He established ISC as a branch of Action Ministries International when he was the college minister at First Baptist Church, Waco. Working to fulfill the group’s mission, “Bring People To Christ… Build Them Up In Christ… and Send Them Out For Christ,” he has served at 16 Olympic Games, and led ISC chaplains to 13 of those.

ISC chaplains raise their own funds and are assigned to “gold, silver and bronze” teams. Divided into the three groups, each of which works between eight and 12 days, the volunteers go to games, interact with fans and witness through conversations or while swapping souvenir Olympic pins. The gold and silver teams will split the Olympics and the bronze crew heads to London in time for the Paralympics at the end of August. While volunteers seek to raise some $3000, David works to garner much more. He says more than $40,000 goes to providing housing.

Arriving several days before the Games open, David leaves three days after the closing ceremony. He looks forward to the end of the two-week event for the opportunity of sharing Christ with athletes and teams that no longer have the stress of prepping for heats, matches or games.

An added value for Guinn will happen when his son-in-law and grandson, both named Chris, arrive on July 26. Even before leaving his Lanett, Alabama home, he is already thanking God for the opportunity to go serve with the pair, as it will make him the senior member of a unique squad. “I do not know of many ministers who have the opportunity to minister side-by-side, three generations,” he said, then exclaimed, “AMEN!”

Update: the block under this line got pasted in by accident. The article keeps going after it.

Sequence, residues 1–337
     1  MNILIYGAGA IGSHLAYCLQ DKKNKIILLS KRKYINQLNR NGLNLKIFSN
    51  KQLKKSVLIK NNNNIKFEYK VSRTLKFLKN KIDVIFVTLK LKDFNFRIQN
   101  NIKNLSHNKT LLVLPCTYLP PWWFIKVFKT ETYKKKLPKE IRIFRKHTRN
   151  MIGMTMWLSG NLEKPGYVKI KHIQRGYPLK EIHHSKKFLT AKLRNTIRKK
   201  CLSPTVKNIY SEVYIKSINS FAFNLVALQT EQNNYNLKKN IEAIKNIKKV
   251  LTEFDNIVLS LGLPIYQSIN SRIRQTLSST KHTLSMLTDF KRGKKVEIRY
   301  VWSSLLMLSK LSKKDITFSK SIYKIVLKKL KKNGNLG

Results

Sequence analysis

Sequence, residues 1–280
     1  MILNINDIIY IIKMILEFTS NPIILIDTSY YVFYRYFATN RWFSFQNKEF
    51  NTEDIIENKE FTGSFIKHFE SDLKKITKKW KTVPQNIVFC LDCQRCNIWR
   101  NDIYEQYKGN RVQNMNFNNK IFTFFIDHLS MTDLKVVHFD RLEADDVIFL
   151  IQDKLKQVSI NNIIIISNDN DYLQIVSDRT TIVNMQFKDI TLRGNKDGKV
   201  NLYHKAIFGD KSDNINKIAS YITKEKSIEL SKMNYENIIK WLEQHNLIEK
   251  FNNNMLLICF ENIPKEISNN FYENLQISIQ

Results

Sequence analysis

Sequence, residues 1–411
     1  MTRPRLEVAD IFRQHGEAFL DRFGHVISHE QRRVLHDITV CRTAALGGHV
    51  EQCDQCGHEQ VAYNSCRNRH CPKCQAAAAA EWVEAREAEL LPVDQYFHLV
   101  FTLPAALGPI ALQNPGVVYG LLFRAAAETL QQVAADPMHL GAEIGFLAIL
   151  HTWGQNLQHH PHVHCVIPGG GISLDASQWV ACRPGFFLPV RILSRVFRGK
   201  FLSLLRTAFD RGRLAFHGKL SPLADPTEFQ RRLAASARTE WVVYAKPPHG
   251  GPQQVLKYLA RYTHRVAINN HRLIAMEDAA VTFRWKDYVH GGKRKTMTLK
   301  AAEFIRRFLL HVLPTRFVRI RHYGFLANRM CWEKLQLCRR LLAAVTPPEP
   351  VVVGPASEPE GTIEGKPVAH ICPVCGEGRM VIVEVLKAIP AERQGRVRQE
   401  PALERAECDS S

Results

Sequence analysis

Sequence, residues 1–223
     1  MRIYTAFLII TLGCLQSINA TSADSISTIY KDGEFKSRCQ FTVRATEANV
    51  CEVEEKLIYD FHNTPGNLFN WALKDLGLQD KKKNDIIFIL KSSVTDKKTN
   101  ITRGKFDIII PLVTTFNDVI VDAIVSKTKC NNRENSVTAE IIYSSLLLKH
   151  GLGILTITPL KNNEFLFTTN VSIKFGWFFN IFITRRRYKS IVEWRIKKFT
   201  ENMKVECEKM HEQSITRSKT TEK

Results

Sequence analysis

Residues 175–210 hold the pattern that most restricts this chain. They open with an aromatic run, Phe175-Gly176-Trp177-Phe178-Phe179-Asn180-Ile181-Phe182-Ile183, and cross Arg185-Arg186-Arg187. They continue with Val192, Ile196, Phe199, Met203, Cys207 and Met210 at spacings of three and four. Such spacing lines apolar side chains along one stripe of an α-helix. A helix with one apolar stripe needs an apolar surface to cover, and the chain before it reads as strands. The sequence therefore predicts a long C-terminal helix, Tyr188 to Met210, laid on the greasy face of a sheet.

Like his father-in-law, Chris Ramseur knows serious athletic competition, having lettered as a University of Tennessee linebacker and playing on the 1998 National Championship team. He married Amanda, a 2000 C-N grad.

Having reached out to fans, athletes and locals since the 1988 Calgary Winter Games, David said that each Olympics has a personality all its own. “In Australia, our biggest problem was locating local churches and groups to follow-up for all those Australians who were making decisions for Christ. In China, we were watched, followed, filmed, had emails blocked, herded, isolated, and just overall controlled while the media showed ‘all is well in China,” HA!”

He is always awed as he and fellow chaplains see God work in people’s lives. In Salt Lake City in 2002, father and son youth pastors Mickey and Jonathan Bailey spoke with fans near one of the venues. Mickey listened to a discouraged father describe his struggles with a rebellious and ungrateful son. Twenty feet away from them, a college student told Jonathan how he longed to get away from his family.

Each minister shared the gospel and both men accepted Christ. After a follow-up session, the Baileys got a chance to say goodbye to the fellows with whom they had spoken, and they received a blessing that David says they will never forget. As the new coverts walked away, their eyes met.

“After a few words, they melted into each other’s arms in a forgiving hug,” said David. “Mickey and Jonathan soon found out that they were father and son. Mickey thanked me with tears in his eyes, and said, ‘This is one of the greatest moments of my ministry, to minister with my son and (see) the greatest decision these two will ever make bring harmony and peace into their lives.’”

He hopes his and Becky’s fellow alums will pray for those going to and from London and that the Olympics will be a good opportunity to serve the Lord in act and deed.

He expects it will be golden.